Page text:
In fact, recent studies suggest that our sensitivity to crowds is built into our perceptual system and operates in a remarkably swift and automatic way. In a 2012 paper in the Proceedings of the National Academy of Sciences, A.C. Gallup, then at Princeton University, and colleagues looked at the crowds that gather in shopping centers and train stations.
In one study, a few ringers simply joined the crowd and stared up at a spot in the sky for 60 seconds. Then the researchers recorded and analyzed the movements of the people around them. The scientists found that within seconds hundreds of people coordinated their attention in a highly systematic way. People consistently stopped to look toward exactly the same spot as the ringers.
The number of ringers ranged from one to 15. People turn out to be very sensitive to how many other people are looking at something, as well as to where they look. Individuals were much more likely to follow the gaze of several people than just a few, so there was a cascade of looking as more people joined in.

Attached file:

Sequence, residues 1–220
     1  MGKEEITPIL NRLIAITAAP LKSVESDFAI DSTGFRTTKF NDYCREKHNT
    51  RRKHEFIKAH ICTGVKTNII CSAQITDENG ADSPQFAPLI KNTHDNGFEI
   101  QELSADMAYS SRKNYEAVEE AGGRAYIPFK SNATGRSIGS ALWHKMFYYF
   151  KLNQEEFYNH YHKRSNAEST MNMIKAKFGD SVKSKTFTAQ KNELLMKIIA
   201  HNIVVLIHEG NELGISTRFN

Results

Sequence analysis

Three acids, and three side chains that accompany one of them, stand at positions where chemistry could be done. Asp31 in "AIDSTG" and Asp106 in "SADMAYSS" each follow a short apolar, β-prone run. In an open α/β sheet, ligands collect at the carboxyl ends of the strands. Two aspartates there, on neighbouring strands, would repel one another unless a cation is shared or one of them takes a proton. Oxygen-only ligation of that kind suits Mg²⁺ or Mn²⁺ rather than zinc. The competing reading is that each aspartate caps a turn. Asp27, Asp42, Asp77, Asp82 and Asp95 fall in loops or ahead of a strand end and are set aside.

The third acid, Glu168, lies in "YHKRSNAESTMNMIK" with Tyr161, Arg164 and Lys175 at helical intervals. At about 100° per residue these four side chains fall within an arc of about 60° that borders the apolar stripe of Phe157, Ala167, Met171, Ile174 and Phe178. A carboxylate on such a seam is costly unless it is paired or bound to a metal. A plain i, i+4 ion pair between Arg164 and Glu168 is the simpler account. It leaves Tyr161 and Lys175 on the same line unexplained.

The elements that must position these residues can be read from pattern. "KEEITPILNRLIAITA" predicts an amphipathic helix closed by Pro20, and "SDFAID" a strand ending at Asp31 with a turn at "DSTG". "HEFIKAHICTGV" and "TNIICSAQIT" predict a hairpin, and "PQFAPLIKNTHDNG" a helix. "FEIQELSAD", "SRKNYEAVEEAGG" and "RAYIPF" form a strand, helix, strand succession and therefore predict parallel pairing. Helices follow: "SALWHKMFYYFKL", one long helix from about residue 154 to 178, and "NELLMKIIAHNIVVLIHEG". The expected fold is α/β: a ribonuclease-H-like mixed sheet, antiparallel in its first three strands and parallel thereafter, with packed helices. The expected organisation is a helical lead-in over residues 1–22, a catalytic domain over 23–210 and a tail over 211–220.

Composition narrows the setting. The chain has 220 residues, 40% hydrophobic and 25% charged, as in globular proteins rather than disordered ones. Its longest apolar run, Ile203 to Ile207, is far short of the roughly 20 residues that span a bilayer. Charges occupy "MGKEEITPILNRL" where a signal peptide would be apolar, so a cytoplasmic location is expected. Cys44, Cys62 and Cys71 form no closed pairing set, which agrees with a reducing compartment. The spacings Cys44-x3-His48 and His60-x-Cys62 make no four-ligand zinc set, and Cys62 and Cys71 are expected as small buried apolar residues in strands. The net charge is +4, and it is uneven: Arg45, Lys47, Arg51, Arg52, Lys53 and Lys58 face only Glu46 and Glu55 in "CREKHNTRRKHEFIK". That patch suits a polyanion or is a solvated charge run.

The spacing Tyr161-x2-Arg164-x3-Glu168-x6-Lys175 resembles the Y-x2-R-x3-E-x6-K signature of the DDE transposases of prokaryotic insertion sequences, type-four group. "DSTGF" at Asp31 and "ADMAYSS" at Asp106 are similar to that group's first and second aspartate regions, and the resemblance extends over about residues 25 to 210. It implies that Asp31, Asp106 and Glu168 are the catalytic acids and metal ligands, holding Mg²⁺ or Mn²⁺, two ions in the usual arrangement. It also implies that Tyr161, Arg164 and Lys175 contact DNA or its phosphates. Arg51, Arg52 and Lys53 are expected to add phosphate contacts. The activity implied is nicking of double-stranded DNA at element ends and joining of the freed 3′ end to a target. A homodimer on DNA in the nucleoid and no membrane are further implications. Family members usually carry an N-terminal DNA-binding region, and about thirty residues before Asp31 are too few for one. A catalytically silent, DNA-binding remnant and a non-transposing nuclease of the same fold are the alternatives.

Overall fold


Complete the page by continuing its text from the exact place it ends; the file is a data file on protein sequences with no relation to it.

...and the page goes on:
In a new study in Psychological Science, Timothy Sweeny at the University of Denver and David Whitney at the University of California, Berkeley, looked at the mechanisms that let us follow a crowd in this way. They showed people a set of four faces, each looking in a slightly different direction. Then the researchers asked people to indicate where the whole group was looking (the observers had to swivel the eyes on a face on a computer screen to match the direction of the group)…
If you try the experiment, you can barely be sure of what you saw at all. But in fact, people were amazingly accurate. Somehow, in that split-second, they put all the faces together and worked out the average direction where the whole group was looking.
In other studies, Dr. Whitney has shown that people can swiftly calculate how happy or sad a crowd is in much the same way.